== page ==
A common phrase often used as a metaphor to "suck it up", "rub some dirt on it" has recently been considered a no-no in the medical world.
I understand the need for caution as well as the potential ramifications and liability of neglect, but I think in some cases, telling someone to rest, take it easy, or not do ____, might actually be iatrogenic.
Take for example the athlete who comes to the training room on a daily basis complaining of this niggle and that owie. Or the weekend warrior - who's "injury" correlates very little with pain that's reportedly getting worse as the days go by. Coincidentally, this same warrior has been receiving "treatment" by the therapist down the street for the last 8 months.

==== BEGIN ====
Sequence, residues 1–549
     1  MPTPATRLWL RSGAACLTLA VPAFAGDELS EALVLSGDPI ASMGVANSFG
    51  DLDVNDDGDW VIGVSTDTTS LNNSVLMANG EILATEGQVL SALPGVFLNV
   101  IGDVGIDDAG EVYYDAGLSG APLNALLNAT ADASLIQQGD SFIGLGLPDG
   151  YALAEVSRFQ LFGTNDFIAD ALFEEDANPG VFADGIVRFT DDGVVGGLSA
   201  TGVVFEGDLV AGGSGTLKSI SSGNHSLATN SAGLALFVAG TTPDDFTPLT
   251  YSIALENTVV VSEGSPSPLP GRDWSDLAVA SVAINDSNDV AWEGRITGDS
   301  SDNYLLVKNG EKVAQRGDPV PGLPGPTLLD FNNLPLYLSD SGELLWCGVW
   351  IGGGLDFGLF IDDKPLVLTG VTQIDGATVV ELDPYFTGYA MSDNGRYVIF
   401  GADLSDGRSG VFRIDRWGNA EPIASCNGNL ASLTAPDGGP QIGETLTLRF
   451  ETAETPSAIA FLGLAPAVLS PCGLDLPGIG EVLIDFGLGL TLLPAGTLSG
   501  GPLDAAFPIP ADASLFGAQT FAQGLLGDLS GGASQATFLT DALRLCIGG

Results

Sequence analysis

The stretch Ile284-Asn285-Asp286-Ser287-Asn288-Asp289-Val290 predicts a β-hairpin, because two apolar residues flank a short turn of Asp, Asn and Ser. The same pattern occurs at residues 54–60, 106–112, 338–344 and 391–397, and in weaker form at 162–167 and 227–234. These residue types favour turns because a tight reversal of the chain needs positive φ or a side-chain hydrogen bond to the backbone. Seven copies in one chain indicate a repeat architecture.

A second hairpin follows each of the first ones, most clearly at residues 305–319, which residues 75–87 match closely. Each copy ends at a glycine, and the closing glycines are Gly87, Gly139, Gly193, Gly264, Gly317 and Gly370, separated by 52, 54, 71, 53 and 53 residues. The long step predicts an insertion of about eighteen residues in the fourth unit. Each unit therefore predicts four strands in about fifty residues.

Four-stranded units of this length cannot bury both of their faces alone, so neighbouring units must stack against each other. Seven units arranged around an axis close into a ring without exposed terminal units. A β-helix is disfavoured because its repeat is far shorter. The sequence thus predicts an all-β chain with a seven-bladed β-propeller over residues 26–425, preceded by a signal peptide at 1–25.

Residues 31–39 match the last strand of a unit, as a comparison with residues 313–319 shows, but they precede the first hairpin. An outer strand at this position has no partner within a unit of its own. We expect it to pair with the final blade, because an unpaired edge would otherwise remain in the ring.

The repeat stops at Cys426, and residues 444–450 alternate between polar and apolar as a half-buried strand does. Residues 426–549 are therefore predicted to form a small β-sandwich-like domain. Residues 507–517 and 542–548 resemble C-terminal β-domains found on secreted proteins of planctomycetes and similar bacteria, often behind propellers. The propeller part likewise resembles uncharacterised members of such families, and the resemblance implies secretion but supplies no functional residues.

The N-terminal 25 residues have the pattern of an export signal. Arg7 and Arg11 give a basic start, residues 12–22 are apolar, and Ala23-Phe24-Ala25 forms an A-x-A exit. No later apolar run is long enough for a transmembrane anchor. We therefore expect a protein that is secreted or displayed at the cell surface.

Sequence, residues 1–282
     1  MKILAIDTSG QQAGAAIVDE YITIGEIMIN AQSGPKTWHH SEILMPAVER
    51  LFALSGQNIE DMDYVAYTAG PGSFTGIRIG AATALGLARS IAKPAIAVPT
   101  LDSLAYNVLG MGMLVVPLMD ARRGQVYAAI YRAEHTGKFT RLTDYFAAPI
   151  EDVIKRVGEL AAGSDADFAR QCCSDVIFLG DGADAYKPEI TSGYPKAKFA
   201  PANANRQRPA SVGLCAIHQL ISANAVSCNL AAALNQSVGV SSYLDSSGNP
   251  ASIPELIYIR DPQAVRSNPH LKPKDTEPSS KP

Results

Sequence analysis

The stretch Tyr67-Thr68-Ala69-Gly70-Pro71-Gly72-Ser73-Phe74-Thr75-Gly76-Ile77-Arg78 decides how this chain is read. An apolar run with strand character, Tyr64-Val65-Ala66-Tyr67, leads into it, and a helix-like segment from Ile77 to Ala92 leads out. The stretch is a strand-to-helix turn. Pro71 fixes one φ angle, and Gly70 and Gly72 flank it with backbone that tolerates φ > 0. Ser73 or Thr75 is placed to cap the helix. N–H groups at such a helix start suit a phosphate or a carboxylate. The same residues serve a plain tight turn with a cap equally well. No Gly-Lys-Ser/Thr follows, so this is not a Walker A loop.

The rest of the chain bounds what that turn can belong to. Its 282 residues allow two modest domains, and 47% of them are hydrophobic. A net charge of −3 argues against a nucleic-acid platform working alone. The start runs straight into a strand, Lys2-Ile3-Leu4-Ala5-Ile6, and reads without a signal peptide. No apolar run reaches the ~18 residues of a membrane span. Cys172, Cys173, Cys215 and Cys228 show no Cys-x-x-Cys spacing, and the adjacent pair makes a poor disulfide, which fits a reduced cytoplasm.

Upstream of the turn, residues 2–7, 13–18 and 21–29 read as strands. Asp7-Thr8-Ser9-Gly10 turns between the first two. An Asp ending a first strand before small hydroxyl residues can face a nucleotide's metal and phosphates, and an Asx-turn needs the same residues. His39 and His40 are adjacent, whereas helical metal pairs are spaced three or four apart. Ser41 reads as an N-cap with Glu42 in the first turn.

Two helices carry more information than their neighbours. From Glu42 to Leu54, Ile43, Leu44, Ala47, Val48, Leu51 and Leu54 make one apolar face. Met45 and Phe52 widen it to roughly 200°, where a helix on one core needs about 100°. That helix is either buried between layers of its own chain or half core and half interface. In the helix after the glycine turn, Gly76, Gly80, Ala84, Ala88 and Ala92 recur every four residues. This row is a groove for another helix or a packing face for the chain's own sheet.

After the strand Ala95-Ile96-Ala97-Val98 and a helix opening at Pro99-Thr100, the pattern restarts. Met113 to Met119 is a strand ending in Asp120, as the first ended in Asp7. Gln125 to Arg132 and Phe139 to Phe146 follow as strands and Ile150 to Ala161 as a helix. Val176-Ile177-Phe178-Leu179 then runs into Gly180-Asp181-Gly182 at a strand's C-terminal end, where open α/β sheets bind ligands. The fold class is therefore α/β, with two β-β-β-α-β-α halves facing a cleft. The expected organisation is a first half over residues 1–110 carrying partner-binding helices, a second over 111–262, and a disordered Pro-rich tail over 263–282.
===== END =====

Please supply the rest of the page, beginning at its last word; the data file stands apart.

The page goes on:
What I'm trying to get at is that sometimes we simply need to provide reassurance that they're actually going to be okay. I'm not literally suggesting that we tell our patients and athletes to "rub some dirt on it", but what I am advocating for is the ability to decipher whether or not one's clinical presentation is actually a reflection of their lack of confidence. Because pain itself is a societal construct:
And believe me, you don't always have to put your hands on someone to provide a therapeutic intervention.